I came across this article the other day by Janine Dorsey of the Tampa Tribune; it’s called “Don’t Laugh; It Could Happen To You: Common Reasons For Emergency Room Visits Are Common and Serious”
If that title alone doesn’t intrigue you, then go ahead and skip this post. But I found the article to be both interesting and amusing, so I’ll share some highlights:
Federal regulators review a sample of those visits for signs a product might need to be recalled. Those records provide a view into the dramatic injuries of Americans who seem able to hurt themselves with almost any product made.
One woman fell from a galloping horse while texting.
Another woman’s bangs caught fire as she peered into a toaster.
More than 818 emergency room trips in the past four years involved “chicken” – dead and alive.
Boxes of cereal (cut fingers), cans of pork and beans (falling from a cupboard onto one’s head), wood chippers (yes, people stick their hands in) and trombones. Hundreds of people suffer piercings gone wrong, thousands fall out of their mobile homes or have objects intractably lodged in orifices.
“Every day, people come in and you just think, ‘You gotta be kidding me,'” said Brian Peckler, an ER doctor for 15 years, now at Tampa General. “I mean, what makes a guy think using a fish hook to clean out ear wax is a good idea?”
Everyone knows by now that talking on the phone is distracting, and now that cell phones have become even cheaper than land lines in many cases, people are finding a variety of ways to hurt themselves while using the phone:
A 19-year-old male, on the phone while lifting weights, drops a barbell on himself.
A 21-year-old male, riding his bike and texting, crashes, scrapes his face.
A 37-year-old male cutting chicken while on the phone slices his hand.
A 25-year-old male, texting, walks into a telephone pole’s guide wire and tells emergency room workers “he might have gotten zapped.”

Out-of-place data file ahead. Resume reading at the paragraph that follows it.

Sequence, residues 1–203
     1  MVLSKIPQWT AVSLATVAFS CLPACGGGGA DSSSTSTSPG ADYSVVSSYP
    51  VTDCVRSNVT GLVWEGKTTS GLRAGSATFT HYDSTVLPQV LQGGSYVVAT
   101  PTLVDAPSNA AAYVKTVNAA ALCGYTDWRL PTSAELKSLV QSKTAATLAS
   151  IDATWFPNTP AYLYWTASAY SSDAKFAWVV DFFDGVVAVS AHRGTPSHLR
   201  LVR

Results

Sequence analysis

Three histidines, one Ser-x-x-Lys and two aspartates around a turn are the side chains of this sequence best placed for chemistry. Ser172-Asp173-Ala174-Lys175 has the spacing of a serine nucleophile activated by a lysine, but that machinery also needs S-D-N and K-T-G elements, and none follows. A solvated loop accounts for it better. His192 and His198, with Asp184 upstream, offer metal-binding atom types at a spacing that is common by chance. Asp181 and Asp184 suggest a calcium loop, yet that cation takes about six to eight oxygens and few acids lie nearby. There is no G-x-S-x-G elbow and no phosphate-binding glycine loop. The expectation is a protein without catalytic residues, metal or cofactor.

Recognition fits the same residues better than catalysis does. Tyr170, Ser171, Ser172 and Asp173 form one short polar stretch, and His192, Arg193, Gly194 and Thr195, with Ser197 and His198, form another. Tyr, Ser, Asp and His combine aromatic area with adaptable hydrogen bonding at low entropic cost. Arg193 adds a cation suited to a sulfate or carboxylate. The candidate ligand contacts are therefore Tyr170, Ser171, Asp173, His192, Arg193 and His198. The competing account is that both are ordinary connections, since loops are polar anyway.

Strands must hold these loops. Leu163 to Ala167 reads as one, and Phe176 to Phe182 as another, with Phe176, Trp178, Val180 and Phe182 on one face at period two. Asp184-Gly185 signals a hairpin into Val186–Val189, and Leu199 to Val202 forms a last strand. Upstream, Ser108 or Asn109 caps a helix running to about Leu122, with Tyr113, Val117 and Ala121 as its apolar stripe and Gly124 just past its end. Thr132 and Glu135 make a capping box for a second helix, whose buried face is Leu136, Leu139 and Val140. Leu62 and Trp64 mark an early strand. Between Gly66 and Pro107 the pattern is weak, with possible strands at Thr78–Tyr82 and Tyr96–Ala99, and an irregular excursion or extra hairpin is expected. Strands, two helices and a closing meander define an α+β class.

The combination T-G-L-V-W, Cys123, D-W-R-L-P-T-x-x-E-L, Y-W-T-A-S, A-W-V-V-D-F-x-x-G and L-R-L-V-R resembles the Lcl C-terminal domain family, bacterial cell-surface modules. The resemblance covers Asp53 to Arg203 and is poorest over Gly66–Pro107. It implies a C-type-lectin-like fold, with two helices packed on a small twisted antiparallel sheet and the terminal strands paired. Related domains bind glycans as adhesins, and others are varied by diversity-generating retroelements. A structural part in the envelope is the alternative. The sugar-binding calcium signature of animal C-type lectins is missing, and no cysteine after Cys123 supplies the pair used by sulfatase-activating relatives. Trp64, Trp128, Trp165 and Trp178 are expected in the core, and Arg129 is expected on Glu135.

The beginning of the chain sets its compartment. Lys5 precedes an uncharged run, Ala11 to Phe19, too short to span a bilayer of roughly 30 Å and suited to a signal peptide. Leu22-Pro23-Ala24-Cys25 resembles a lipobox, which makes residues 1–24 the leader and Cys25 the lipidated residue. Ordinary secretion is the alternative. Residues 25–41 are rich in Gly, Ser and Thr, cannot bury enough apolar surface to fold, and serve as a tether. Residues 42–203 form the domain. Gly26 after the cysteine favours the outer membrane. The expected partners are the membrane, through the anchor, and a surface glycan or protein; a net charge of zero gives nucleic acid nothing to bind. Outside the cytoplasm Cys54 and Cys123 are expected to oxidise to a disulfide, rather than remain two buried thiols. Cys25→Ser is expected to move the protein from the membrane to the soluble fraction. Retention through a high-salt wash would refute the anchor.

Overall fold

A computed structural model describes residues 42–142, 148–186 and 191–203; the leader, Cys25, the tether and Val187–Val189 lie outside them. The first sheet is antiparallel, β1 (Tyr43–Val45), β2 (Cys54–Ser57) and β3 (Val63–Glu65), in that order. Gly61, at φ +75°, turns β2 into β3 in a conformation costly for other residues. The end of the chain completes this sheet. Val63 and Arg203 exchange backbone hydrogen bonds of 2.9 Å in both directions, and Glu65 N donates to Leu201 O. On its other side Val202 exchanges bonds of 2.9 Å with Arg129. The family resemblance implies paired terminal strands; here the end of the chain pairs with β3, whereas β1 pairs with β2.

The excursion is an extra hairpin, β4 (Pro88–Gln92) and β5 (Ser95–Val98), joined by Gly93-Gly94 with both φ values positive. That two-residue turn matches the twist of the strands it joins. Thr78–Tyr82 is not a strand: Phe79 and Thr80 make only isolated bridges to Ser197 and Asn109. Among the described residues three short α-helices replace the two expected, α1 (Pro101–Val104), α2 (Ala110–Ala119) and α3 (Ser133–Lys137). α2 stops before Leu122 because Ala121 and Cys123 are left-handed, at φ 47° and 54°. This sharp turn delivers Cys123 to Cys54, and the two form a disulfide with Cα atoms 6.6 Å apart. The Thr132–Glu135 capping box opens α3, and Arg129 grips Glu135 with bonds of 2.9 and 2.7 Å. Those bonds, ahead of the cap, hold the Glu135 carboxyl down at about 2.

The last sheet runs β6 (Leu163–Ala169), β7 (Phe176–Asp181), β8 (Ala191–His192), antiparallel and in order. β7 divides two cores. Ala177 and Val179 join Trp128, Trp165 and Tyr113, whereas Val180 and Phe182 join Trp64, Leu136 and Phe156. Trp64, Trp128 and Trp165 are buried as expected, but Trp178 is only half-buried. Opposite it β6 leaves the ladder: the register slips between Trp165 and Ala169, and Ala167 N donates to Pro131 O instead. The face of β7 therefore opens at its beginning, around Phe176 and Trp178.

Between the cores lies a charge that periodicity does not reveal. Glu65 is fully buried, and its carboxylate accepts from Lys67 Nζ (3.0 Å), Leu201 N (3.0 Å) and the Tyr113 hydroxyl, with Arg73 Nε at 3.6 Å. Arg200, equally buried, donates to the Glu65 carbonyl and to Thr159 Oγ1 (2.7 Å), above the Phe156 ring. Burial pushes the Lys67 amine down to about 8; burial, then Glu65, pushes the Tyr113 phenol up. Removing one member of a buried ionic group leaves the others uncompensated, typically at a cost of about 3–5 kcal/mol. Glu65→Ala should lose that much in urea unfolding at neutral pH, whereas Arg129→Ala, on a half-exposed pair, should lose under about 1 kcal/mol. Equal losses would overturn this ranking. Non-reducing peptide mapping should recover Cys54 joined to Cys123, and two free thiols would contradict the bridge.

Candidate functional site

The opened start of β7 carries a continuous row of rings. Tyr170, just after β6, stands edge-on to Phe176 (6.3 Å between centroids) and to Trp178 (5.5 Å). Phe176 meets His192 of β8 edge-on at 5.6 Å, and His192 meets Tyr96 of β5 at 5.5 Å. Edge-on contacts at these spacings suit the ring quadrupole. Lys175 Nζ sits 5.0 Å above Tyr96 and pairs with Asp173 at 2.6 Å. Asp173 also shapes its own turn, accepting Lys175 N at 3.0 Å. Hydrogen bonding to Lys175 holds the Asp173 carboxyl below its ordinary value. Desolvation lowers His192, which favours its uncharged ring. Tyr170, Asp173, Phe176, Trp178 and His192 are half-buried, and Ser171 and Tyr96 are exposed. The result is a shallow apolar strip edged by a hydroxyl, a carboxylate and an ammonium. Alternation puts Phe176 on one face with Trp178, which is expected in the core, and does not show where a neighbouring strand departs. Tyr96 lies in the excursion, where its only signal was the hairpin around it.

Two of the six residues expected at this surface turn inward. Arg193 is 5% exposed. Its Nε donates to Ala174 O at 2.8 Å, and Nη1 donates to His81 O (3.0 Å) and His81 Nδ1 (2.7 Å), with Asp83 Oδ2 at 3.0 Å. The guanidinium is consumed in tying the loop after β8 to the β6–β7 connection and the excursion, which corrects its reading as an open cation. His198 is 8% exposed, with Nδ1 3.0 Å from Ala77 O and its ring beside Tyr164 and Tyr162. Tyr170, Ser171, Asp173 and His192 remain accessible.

Hundreds of injuries are blamed on the phone in its capacity as a weapon: They’re used as missiles or as a bludgeon to beat people on the head.
And then there is something that’s become obvious to me ever since I had a son almost two years ago – men are more apt to hurt themselves than women. There are more women than men in this country, yet men account for 56% of the ER visits, according to federal data.
Men suffer injury in 80 percent of pressure washer cases. Nine in 10 injuries involving “mobile home” and “alcohol” were suffered by men. And 96 percent of “nail gun” cases were men.
“Guys are definitely dumber than women in this regard,” Peckler said.
One 37-year-old man tried cutting branches with a circular saw – on top of a running wood chipper. The saw cut off several fingers, which fell into the chipper.
Having a brother appears dangerous as well. Regardless of who was injured, ER records implicate the brother twice as often as the sister.
And my personal favorite part of the article:
“Demonstrate” appears in no small number of cases where less-than-skilled people tried to show off martial arts moves, wedding dances, pogo-stick skills and cheerleader routines.
Though many people consider themselves expert enough to demonstrate something, Robert Cano at University Community Hospital sees scores of cases that prove otherwise.
“Almost nothing good comes after someone says ‘Hey, watch this!'” Cano said.
Note the 52-year-old mother, demonstrating judo to her daughter by flipping her husband. Torn left knee.
Other cases: The 25-year-old man demonstrating to children how to climb on monkey bars when his shoulder “snapped.” Or the 16-year-old demonstrating a softball technique who stepped on a rake that smacked her in the forehead.
Or the 55-year-old woman showing her grandson how to use a pogo stick – she fell and smacked her head.
And finally, the ER doc’s favorite story:
Peckler at Tampa General marvels at accidents that should have been fatal but weren’t.
His favorite case: the man who was supposed to be watching his 3-year-old, but decided to change his car’s oil in the driveway. Seeking a safe holding area, Dad put the child in the car and crawled underneath to drain the oil.
The child knocked the gear shift from park to neutral, and the car’s tire rolled over the man’s chest.
He suffered no major injuries, Peckler said. But how could anyone survive?
Peckler shrugged and said, “God’s strong love for fools.”
Indeed. Just be careful next time you hear someone say, “Watch this.” Maybe you should get the phone ready to dial 9-1-1. Then again, after reading how inclined some folks are to hurt themselves while using the phone, perhaps a better response to “Watch this.” would be “No thanks.”